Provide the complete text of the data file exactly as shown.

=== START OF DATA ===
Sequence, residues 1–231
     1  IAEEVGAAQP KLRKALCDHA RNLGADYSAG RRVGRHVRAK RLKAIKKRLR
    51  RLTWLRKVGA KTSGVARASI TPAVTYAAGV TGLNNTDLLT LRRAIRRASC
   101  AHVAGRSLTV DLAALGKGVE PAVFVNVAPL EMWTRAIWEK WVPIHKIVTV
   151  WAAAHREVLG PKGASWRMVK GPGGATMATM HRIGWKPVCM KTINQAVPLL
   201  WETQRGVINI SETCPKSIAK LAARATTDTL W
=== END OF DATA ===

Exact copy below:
Sequence, residues 1–231
     1  IAEEVGAAQP KLRKALCDHA RNLGADYSAG RRVGRHVRAK RLKAIKKRLR
    51  RLTWLRKVGA KTSGVARASI TPAVTYAAGV TGLNNTDLLT LRRAIRRASC
   101  AHVAGRSLTV DLAALGKGVE PAVFVNVAPL EMWTRAIWEK WVPIHKIVTV
   151  WAAAHREVLG PKGASWRMVK GPGGATMATM HRIGWKPVCM KTINQAVPLL
   201  WETQRGVINI SETCPKSIAK LAARATTDTL W